Extreme Ownership - Lead and Win

Extreme Ownership by Jocko Willink and Leif Babin

Extreme Ownership Defined

What is Extreme Ownership and why does it matter to a business leader?

Extreme Ownership is a mindset practiced by the authors of the book by that name. Jocko Willink and Leif Babin served our country as Navy SEALs, elite warriors of the United States Navy.

From the book’s introduction:

With Extreme Ownership, you must remove individual ego and personal agenda. It’s all about the mission. How can you best get your team to most effectively execute the plan in order to accomplish the mission? That is the question you have to ask yourself. That is what Extreme Ownership is all about.

This post offers a one-page discussion about the book.

People, Not Robots

Those of us who have not served in the military (including me) may be led to believe that military leaders have it easy because subordinates must follow orders blindly. Not true. U.S. Military Personnel are not robots. When a person chooses to enter the profession of arms, they are literally risking their lives for the mission. A person who accepts that level of risk must believe in the mission. That belief is communicated through effective leadership.

The book Extreme Ownership pulls the reader into the theatre of war where battlefield challenges are described. Leadership principles are extracted from each battlefield situation. And then each principle is applied to business. This framework is repeated throughout the book:

Death by PowerPoint

Before reading Extreme Ownership, I did not know that military briefings were conducted via Microsoft PowerPoint. It makes sense. PowerPoint is an effective communication tool.

At the same time, the book describes cases where military units were bogged down creating PowerPoint slides to satisfy bureaucrats. The same scenario happens in the business world! One evening at the combat operations post, the SEAL team was engaged in a PowerPoint marathon. They realized that the PowerPoint briefing document was getting in the way of mission execution.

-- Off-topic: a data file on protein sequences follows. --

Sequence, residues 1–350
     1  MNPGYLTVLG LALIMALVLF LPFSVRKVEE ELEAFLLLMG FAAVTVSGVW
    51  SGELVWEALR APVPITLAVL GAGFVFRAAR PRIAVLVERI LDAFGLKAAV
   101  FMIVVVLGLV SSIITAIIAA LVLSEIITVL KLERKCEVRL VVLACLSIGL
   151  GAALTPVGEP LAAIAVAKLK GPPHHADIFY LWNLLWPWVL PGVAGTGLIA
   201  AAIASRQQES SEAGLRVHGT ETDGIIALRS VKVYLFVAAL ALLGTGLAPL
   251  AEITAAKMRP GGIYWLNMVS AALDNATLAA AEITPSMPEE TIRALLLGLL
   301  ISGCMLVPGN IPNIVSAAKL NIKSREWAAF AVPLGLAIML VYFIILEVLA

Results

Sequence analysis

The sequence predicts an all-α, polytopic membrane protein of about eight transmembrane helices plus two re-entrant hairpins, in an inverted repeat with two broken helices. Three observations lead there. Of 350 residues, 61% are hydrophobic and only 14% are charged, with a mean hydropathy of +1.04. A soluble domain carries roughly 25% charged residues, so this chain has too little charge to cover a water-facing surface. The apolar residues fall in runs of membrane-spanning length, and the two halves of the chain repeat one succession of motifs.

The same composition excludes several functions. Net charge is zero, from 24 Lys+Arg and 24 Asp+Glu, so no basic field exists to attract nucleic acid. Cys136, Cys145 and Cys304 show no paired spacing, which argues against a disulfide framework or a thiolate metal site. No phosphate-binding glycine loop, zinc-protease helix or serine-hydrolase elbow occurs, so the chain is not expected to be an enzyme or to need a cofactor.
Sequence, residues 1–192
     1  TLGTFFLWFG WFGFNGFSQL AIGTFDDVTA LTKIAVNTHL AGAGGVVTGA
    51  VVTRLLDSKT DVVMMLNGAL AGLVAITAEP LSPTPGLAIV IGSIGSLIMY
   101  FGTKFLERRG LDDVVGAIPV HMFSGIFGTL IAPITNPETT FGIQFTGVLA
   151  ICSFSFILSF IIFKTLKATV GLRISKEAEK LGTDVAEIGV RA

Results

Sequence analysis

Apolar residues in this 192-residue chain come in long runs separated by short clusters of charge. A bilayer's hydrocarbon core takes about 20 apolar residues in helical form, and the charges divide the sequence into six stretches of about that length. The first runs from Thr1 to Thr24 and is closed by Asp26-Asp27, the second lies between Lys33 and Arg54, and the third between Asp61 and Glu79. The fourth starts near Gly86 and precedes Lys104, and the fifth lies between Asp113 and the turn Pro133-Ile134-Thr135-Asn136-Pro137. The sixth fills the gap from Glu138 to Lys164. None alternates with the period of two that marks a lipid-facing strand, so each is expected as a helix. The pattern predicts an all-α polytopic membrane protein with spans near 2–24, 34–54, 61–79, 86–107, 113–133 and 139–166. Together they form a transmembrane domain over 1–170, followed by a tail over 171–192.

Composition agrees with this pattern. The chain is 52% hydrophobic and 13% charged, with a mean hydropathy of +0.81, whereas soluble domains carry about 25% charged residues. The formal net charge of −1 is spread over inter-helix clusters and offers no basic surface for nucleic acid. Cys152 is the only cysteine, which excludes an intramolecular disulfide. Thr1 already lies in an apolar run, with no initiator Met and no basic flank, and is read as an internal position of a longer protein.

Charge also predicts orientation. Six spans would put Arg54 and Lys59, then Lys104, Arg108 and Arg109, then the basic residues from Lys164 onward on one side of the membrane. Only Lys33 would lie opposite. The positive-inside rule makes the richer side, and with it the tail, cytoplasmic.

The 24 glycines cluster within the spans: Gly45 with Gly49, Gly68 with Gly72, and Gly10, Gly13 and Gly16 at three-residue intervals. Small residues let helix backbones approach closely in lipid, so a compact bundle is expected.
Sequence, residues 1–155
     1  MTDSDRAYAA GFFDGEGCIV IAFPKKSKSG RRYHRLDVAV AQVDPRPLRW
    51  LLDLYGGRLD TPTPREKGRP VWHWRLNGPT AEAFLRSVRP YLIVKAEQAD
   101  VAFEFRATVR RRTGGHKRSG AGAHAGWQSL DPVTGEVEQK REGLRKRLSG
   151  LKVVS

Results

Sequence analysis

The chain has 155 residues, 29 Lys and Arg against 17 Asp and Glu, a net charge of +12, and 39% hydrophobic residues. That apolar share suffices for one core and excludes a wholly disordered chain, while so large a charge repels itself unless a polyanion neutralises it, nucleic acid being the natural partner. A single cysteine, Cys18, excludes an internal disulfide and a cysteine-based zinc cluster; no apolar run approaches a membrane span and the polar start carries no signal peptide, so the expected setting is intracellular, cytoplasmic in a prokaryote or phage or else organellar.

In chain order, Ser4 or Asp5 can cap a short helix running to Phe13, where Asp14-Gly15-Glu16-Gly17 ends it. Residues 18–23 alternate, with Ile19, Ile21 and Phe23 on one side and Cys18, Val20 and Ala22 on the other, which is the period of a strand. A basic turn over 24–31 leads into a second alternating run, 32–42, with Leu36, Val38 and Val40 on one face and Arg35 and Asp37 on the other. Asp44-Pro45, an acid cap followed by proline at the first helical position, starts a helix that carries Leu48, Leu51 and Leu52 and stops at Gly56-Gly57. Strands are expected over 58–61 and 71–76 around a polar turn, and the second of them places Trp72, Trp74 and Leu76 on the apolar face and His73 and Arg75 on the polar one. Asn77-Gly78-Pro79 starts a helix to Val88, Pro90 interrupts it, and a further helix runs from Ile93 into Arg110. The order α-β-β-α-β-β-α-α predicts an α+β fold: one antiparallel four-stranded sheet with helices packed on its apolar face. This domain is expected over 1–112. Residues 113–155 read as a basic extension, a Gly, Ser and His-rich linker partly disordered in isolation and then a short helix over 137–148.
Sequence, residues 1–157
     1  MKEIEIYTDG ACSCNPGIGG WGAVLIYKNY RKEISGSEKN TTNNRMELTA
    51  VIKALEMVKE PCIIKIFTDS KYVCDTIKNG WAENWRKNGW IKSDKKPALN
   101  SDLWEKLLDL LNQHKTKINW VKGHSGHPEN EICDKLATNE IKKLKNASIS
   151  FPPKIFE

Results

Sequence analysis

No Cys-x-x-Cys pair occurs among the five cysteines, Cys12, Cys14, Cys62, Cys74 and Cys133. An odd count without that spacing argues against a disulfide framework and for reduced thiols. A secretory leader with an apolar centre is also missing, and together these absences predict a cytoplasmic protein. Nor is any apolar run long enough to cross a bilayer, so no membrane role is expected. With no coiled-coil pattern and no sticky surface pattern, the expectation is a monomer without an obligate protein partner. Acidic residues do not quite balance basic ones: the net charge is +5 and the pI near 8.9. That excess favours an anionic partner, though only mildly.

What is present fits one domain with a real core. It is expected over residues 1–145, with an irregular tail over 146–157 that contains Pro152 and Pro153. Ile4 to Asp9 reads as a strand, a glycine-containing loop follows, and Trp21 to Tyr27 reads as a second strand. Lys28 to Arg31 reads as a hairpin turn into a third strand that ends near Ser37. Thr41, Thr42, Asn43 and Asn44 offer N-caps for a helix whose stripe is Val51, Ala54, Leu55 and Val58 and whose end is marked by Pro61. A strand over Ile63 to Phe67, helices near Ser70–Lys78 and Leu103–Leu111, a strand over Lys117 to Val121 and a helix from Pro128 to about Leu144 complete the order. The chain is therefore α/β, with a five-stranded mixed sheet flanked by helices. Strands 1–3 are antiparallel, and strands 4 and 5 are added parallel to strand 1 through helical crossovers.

So they cut the number of slides and simplified the briefing by focusing on one principle. It’s less important for the brass to have every mission detail. And it is more important for the military personnel on the ground (SEALs, Sailors, Marines, and Soldiers) to know their role and how to contribute to the overall mission.

Leaders and teams are more effective when everyone understands the broader mission objective, expressed as Commander’s Intent.

Commander’s Intent

It has been said that the first casualty of any war is the battle plan. Why? Because a battle plan, no matter how well thought out, can never consider every contingency.

Military commanders have learned that the Commander’s Intent must be communicated as part of any effective battle plan. Key questions to answer when sharing Commander’s Intent with the team:

Running a military unit based on Commander’s Intent takes a lot of planning and forethought. But it’s worth it. The payoff comes when the organization faces an unexpected obstacle. And then the team delivers results in unexpected ways.

Train the team, communicate the Commander’s Intent, and enjoy the results of achievement.

Front Echelon: From Battlefield to Boardroom

The authors of Extreme Ownership served our country for decades. Upon retirement from the SEAL teams, they decided to share their leadership lessons with the business world. Today they grow business leaders through their leadership development company, Front Echelon.

In addition, author Jocko Willink teamed up with fellow martial artists to launch Victory MMA and Fitness in San Diego, CA.


Warfare is as old as human history. The best way to discourage an attacker is by being prepared to fight.

Our military units fight on the battlefield. As company leaders, we join with our teams to battle against tough business challenges. The similarities are fascinating.